Murray (Crosstown Traffic, not reviewed) turns his attention to one of Hendrix’s musical forebears, bluesman John Lee Hooker.
It is tempting to see Hooker, as Murray does, as an archetypal figure. Indeed, his story has been duplicated in the lives of many African-Americans who made the trek northward from the Mississippi Delta to the burgeoning industrial Midwest in search of an escape from the grinding poverty of sharecropping and the oppressions of Jim Crow. Hooker was born sometime between 1917 and 1920 (although he has claimed several other dates) near Clarksdale, Mississippi. He went north to Detroit just before WWII and, after a very brief stint in the Army, scuffled through a series of short-term day jobs, all the while expecting to make a living as a musician. Miraculously, he did just that, with a series of recordings made for a small label owned by Bernie Besman. One of the very first sides Hooker cut for Besman, “Boogie Chillen,” became an instant and enormous success—it continues to sell even today—and put Hooker on his way to fame. Since that explosion, Hooker’s career has charted the same ups and downs common to other blues giants of his generation (Muddy Waters comes to mind) with a mixture of classic blues recordings and misguided attempts to capture a rock audience. Now somewhere in his 80s, Hooker continues to tour with a band, an experience that Murray limns convincingly. The author’s reach often exceeds his grasp, however, as he tries to render Hooker as a larger-than-life figure of myth—even going so far as to invoke Joseph Campbell. Hooker is a musician, a master of a narrow slice of a much larger and complex pie called the blues; Murray should have let his story speak more for itself.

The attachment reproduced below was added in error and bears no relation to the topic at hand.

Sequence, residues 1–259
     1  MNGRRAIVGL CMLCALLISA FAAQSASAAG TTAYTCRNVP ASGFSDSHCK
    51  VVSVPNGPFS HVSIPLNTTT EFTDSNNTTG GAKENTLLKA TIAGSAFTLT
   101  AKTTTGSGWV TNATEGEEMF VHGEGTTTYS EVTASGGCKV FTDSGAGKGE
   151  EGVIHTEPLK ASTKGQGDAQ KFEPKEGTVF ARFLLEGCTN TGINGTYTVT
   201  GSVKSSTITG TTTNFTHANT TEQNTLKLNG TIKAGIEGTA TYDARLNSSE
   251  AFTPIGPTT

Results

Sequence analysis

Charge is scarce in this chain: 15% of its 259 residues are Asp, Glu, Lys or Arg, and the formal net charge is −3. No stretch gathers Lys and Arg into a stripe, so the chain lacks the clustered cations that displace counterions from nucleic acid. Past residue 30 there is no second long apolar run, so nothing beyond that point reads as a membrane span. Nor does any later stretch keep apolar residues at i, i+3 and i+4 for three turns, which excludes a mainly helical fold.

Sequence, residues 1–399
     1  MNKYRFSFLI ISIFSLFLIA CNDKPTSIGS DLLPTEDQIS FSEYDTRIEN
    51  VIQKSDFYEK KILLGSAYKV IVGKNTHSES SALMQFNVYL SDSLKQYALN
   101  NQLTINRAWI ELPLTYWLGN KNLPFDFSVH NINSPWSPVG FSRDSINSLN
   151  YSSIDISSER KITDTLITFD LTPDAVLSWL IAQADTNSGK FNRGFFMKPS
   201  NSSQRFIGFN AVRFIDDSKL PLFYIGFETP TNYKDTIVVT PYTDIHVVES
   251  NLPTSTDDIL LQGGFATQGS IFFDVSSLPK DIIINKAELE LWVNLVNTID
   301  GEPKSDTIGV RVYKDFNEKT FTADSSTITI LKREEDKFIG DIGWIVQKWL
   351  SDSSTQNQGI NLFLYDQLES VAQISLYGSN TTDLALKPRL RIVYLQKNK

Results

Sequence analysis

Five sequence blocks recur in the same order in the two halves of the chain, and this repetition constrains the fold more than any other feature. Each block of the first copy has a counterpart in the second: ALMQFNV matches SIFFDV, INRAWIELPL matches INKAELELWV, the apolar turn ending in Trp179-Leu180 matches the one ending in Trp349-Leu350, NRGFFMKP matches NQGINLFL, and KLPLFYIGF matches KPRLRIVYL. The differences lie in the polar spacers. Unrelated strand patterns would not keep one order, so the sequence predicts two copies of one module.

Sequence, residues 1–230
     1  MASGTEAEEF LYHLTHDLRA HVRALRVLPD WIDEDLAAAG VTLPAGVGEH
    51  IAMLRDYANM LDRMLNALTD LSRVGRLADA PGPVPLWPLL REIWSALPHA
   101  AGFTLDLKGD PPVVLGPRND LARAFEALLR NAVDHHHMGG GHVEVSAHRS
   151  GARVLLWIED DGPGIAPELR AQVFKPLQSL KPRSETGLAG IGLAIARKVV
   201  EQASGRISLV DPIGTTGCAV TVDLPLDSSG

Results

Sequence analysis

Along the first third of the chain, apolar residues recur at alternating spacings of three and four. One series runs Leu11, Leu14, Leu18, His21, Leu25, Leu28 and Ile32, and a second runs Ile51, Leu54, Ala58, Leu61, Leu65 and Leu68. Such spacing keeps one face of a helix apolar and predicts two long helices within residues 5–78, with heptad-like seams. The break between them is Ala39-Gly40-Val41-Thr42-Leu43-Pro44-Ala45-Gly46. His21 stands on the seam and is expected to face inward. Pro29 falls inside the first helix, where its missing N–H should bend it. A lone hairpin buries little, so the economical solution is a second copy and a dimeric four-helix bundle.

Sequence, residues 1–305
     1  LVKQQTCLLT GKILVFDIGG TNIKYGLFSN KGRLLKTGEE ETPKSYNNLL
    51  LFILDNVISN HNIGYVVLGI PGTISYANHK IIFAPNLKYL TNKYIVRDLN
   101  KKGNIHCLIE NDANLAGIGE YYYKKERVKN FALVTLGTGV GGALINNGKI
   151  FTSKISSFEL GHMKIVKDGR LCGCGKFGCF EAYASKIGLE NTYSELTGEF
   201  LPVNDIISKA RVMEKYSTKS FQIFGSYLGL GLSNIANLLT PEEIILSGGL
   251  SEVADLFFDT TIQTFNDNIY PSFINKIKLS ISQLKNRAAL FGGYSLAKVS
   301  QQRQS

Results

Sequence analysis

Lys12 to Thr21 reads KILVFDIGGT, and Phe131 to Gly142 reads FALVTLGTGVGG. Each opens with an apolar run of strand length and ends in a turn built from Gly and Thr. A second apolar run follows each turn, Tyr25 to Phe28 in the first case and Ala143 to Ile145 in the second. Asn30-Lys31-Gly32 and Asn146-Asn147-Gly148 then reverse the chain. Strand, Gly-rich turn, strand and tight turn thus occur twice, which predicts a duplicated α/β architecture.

Nevertheless, as cultural history and biography this is both cogent and entertaining, if occasionally over-written.